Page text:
Is The Gospel Words?
Earlier today this quote showed up in my Twitter feed:
“‘Share the gospel & if necessary use words’ is like saying, ‘tell me your phone number and if necessary, use digits.” – JD Grear
The major caveat I obviously need to make before I continue is that I have no idea of the context for this. I am quite possibly taking it out of the context he (assuming JD is a he) was talking about. Maybe he went on to say exactly what I am about to say. I don’t even know who JD Grear is, or what the conference/church service/class/book/something else was where this was said. So the disclaimer: any comments that follow are comments on this one quote, standing alone, not on JD Grear or on the overall discussion.
For those who aren’t familiar with it, the first part is a fairly popular quote, although I can’t tell you who first said it. You’ll hear it around evangelical circles occasionally when talking about evangelism. The point being made is that spreading “the Gospel” by way of walking up to a stranger, saying a few sentences, and walking away without showing any actual interest in them, is not really spreading the Gospel. It is a statement in opposition to the concept that the Gospel is simply a string of logical propositions, whether you call that string of propositions the Roman Road or the 4 Spiritual Laws or something else.
I’ve heard many critique this initial quote quite fairly. It often can be taken, probably out of context itself, to say that we never need to talk about what we believe. If we just live out our faith properly, then people will figure it out on their own, or at the very least they’ll ask. I have no idea if the original speaker meant that, but I don’t accept that idea either. I do think we should actively talk about our faith.
Interestingly, this quote from JD (at least out of context like this) actually seems to be trying to re-establish the opposite. Perhaps I am over-analyzing the analogy, but to me the parallels he is trying to make is obvious. Just as a phone number is by definition composed of digits, so the Gospel is by definition composed of words. Maybe that isn’t what he was going for, and he probably went on to explain it, but after a couple of hours of thinking about it, that seemed to be the obvious point of comparison. So you can’t share a phone number without digits because a phone number is digits, and you can’t share the Gospel without words because the Gospel is words. Again, I fully support sharing the Gospel in ways that include words.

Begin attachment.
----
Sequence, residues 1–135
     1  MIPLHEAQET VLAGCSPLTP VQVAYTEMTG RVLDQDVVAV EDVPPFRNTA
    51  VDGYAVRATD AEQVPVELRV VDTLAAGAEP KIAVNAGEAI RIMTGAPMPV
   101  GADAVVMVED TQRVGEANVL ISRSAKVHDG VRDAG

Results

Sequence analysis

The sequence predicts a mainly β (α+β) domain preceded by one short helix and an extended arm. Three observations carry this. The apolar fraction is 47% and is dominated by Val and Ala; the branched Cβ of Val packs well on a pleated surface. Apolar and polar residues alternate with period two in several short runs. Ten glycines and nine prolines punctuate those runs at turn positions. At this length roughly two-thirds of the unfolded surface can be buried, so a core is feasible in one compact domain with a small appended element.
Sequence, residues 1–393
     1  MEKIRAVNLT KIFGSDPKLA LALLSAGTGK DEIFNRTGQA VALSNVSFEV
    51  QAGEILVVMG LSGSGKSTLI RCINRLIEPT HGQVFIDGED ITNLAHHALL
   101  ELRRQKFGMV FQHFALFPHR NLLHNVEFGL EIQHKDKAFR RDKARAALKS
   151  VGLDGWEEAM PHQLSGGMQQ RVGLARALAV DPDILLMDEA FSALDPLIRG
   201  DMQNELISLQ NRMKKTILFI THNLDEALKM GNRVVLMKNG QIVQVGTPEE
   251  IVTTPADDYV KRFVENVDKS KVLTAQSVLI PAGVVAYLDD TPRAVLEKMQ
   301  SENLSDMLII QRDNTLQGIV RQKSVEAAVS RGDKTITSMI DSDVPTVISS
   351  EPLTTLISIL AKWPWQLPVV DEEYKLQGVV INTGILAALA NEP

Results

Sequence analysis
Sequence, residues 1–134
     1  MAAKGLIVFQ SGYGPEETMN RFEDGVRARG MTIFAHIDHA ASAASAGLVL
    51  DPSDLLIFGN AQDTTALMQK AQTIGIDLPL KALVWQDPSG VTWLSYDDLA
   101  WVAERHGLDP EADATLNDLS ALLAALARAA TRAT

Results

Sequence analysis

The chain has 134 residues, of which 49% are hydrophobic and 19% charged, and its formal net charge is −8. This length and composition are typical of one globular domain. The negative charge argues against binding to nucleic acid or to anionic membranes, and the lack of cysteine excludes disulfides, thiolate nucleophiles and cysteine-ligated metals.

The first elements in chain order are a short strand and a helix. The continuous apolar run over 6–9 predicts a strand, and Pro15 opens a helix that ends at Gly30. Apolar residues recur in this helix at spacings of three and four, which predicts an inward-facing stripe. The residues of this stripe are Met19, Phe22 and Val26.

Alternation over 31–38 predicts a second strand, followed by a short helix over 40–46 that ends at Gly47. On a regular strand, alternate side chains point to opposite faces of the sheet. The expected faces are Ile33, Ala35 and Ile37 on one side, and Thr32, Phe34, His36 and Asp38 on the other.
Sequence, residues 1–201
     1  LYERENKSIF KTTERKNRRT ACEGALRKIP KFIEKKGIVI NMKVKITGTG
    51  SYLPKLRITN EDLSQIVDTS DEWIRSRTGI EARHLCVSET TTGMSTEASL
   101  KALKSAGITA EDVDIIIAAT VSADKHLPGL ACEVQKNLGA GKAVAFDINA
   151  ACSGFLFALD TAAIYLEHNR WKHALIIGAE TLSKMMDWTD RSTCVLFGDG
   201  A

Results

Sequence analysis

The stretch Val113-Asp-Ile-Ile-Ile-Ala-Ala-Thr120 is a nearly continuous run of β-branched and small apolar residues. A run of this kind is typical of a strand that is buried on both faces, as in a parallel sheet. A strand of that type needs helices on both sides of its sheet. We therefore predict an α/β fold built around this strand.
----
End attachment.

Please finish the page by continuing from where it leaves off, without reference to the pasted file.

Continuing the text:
Maybe I need to backtrack a bit to the obvious question: What is the Gospel? If the Gospel is words (a set of propositions), then of course trying to share it without words is stupid – it’s a contradiction in terms. This is a fairly standard position in a lot of evangelical circles, especially out of the highly-intellectual Reformed tradition. The core is belief, so as long as you have the right intellectual ideas, you’re fine. Therefore conveying the right intellectual ideas and getting people to give assent to them is sharing the Gospel. Most do encourage more after this, of course, but this is what they tend to define as the salvation act: saying that prayer that acknowledges those four spiritual laws, granting intellectual belief. Don’t understand me as critiquing too much here, because there are a lot of things really good about the intellectualism of the Reformed evangelical tradition, but I definitely have a problem with this type of reductionism.
But if the Gospel is something bigger than that, something beyond simply ideas, then JD’s quote is completely missing the mark. Maybe words are necessary to try to give some explanation of the Gospel. Of the original quote, I do think the majority of the time, the “if necessary, use words” ends up true. But I don’t like defining the Gospel as words or as propositions. If you clicked the link above, I attempted to give four different aspects of the Gospel, but I also said that I don’t think the Gospel is a list of propositions so even my own attempt was somewhat in vain for me. Instead, I think that the Gospel is a person, a life, a relationship, which is too big to be encapsulated in words. Unlike digits making up a phone number, the Gospel to me is not just the right combination of words to form the right ideas that we should believe in order to be saved.